An integrated aluminum industry to be built in Ghana?
Over the past 50 years, and particularly since the 1983 structural adjustment programs, Ghana has been attempting to build a vertically integrated aluminum industry in order to transform its agriculture-based, extractive economy to an industrial one. An integrated aluminum industry is to serve as the catalyst for the transformation. A vertically integrated aluminum industry consists of mining, refining, smelting and fabrication with bauxite and cheap electricity as the key inputs.
The Kufuor administration is reportedly negotiating with the aluminum multinationals to build an integrated aluminum industry in Ghana. These efforts have culminated in the Ghana government purchasing from Kaiser Aluminum 90 percent shares in the Valco smelter with Alcoa having the remaining 10 percent shares. Ghana and Alcoa recently signed a memorandum of understanding (MOU) as partners to run the smelter. According to the MOU, the first step in the process to integrate the aluminum industry in Ghana would be to re-start the idled smelter, and the next step would be to develop an expedited feasibility study and timetable for setting up a refinery and bauxite mining, and the upgrading of rail transportation and other necessary infrastructure improvements.
This article examines the new moves being made to build an integrated aluminum industry in Ghana in order to provide other options to be considered to serve the Ghana's best interests. First, brief background information is necessary to provide a context within which the options are discussed.
Ghana has vast deposits of high-grade bauxite at Awaso in the Western Region (presently mined by the Ghana Bauxite Company – 80% Alcan, 20% Ghana – with about 500,000 metric ton per year (mtpy) capacity, ranking as Africa's third largest producer of bauxite) , and unexploited deposits at Nyinahin in Ashanti Region, and near Kibi in Eastern Region. Ghana has hydroelectric facilities at Akosombo and Kpong on the Volta River; and a nascent aluminum fabricating industry spearheaded by an intermediary, Aluworks with 20,000 ton per year (tpy) capacity. Thus Ghana is home of almost all major phases in aluminum processing, but not in an integrated form. While bauxite is exported to refineries in Scotland and Canada, alumina was imported from Jamaica and the US for the local smelter.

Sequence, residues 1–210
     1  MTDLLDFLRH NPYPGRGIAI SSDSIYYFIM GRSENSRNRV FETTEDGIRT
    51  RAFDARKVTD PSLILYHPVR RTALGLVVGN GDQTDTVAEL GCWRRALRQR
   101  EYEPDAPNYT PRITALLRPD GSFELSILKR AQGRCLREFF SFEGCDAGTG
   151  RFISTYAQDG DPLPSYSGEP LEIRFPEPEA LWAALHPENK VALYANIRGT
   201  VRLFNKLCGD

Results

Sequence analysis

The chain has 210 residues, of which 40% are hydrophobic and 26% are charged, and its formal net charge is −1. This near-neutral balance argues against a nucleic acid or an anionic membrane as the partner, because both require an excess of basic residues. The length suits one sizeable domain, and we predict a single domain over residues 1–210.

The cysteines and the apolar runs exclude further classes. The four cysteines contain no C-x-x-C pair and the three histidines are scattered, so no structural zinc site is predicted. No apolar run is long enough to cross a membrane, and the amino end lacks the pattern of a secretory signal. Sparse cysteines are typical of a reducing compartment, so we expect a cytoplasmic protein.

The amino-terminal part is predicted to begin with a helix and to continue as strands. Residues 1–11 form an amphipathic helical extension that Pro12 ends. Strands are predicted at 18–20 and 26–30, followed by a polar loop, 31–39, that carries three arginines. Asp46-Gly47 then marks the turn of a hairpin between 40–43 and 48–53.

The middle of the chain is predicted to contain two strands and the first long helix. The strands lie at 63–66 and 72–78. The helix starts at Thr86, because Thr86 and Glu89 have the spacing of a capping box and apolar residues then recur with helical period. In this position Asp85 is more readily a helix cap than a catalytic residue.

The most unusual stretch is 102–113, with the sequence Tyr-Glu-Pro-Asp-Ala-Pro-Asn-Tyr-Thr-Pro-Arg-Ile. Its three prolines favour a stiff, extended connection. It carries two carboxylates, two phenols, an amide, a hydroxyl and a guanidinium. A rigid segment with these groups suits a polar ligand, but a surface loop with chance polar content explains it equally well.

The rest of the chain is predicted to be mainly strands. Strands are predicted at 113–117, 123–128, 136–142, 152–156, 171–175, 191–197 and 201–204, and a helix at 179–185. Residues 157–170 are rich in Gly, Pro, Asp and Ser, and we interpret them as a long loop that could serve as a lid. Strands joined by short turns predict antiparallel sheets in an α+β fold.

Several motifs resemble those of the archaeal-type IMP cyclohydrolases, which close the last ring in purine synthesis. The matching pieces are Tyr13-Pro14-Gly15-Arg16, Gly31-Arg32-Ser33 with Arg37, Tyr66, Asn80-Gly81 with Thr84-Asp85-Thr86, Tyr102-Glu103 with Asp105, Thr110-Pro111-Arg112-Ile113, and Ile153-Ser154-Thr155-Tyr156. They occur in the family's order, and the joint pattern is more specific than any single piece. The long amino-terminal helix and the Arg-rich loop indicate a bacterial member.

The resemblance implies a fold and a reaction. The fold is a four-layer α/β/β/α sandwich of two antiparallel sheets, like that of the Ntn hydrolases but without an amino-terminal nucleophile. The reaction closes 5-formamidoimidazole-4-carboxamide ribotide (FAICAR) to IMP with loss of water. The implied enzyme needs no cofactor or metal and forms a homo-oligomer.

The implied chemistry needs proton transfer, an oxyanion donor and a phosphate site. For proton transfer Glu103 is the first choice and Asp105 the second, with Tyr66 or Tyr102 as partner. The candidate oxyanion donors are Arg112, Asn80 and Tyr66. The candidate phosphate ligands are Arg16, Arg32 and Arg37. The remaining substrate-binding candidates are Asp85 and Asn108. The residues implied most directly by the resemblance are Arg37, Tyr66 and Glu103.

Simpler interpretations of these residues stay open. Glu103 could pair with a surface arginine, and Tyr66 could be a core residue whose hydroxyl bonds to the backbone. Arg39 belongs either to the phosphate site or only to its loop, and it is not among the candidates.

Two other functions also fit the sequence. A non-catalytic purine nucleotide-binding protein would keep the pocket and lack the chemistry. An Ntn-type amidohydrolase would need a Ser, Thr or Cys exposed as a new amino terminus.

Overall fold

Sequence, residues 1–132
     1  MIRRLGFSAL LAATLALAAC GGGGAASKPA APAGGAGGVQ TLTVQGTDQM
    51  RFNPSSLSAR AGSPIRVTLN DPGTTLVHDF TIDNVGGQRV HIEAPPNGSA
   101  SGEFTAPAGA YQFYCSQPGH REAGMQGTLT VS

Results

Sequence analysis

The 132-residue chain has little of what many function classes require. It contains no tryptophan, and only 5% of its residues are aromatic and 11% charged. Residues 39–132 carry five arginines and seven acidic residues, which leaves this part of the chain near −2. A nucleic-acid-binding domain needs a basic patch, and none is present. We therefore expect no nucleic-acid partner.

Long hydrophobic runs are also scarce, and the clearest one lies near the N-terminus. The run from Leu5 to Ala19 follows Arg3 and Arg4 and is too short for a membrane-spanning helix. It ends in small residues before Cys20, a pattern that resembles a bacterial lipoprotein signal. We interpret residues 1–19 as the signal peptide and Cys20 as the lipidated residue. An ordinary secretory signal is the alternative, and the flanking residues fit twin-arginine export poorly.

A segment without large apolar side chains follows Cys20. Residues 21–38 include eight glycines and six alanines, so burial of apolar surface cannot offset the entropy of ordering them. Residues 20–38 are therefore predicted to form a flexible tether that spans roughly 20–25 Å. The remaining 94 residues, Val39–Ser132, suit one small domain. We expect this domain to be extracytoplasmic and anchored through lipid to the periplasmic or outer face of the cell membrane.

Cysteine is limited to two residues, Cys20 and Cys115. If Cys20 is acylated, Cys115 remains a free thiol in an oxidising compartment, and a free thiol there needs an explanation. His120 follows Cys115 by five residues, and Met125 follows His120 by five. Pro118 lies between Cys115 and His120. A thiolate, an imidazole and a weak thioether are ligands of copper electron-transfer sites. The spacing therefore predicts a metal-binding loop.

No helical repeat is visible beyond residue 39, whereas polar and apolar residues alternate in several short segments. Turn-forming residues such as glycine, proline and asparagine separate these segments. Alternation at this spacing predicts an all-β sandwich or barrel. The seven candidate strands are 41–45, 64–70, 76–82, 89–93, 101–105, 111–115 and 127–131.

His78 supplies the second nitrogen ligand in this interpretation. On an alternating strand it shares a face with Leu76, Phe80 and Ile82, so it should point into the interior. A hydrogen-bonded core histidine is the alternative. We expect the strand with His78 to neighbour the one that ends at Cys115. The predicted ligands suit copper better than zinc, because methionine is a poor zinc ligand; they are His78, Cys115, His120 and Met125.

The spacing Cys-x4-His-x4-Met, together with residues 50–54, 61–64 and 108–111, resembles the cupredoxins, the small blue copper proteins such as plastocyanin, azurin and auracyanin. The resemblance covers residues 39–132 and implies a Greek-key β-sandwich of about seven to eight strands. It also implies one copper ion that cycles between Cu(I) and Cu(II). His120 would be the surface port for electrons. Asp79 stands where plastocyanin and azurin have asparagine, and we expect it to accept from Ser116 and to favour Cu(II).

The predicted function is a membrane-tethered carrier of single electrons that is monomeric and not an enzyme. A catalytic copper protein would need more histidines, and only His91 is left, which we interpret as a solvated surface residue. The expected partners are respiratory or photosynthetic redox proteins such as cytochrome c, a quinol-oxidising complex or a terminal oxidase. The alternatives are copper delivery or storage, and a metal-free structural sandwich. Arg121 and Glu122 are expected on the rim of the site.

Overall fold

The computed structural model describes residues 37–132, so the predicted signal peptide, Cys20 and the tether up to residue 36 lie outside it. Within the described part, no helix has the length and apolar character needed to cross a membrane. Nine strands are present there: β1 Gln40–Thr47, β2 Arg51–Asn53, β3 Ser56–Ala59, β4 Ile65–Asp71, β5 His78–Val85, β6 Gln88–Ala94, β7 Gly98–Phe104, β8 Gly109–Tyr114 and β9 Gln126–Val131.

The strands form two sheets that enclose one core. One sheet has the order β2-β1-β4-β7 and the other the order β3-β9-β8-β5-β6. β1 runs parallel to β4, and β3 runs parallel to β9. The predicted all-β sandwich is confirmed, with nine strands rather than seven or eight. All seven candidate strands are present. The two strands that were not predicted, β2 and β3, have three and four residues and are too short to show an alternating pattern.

The desire to tap Ghana's rich bauxite deposits and hydroelectric potency dates as far back as the 1920s when Ghana (then Gold Coast) was a British colony. During World War I bauxite was mined by British Aluminum in two mines, Ejuanema and Awaso, to supply the Allied forces with aluminum for the aircraft industry. With increased demand for the new strategic metal—aluminum—after World War I, the Gold Coast Geological Survey Department drew the colonial government's attention to this industrial potential in Ghana. This was formulated as the Volta River Project (VRP).
However, right from its inception to the present, the Volta River Project has been a pawn that has been used to keep the country in neo-colonial state. The aluminum multinational corporations have, through their monopoly over capital and technology, frustrated Ghana's effort to build a vertically integrated aluminum industry. At one point or the other, the aluminum multinational corporations have had the tacit, subtle or open support of their home governments who found the project an important tool for global geopolitics. In the Cold War atmosphere of the 1960s, for instance, the VRP was used by the US with the help of Britain in order to turn Nkrumah on a reasonable course and to counterbalance the perceived Ghana's increasing close relations with the Soviet Bloc.
The VRP had been at the top of the Nkrumah's government industrial plan for Ghana since 1951. In compromising by sacrificing Ghana's shareholding interest in the smelter and foregoing the immediate building of a refinery, Nkrumah envisaged using the VRP to further his African Unity ambition—“we would be more than willing to share its benefits with our immediate neighbors within a common economic framework,” Nkrumah declared. Nkrumah's, as well as Ghana's, dream of economic transformation was to be deferred as he was overthrown in 1966 in an alleged CIA-backed military coup. The military junta that assumed power—the National Liberation Council (NLC) scrapped Nkrumah's industrial plans.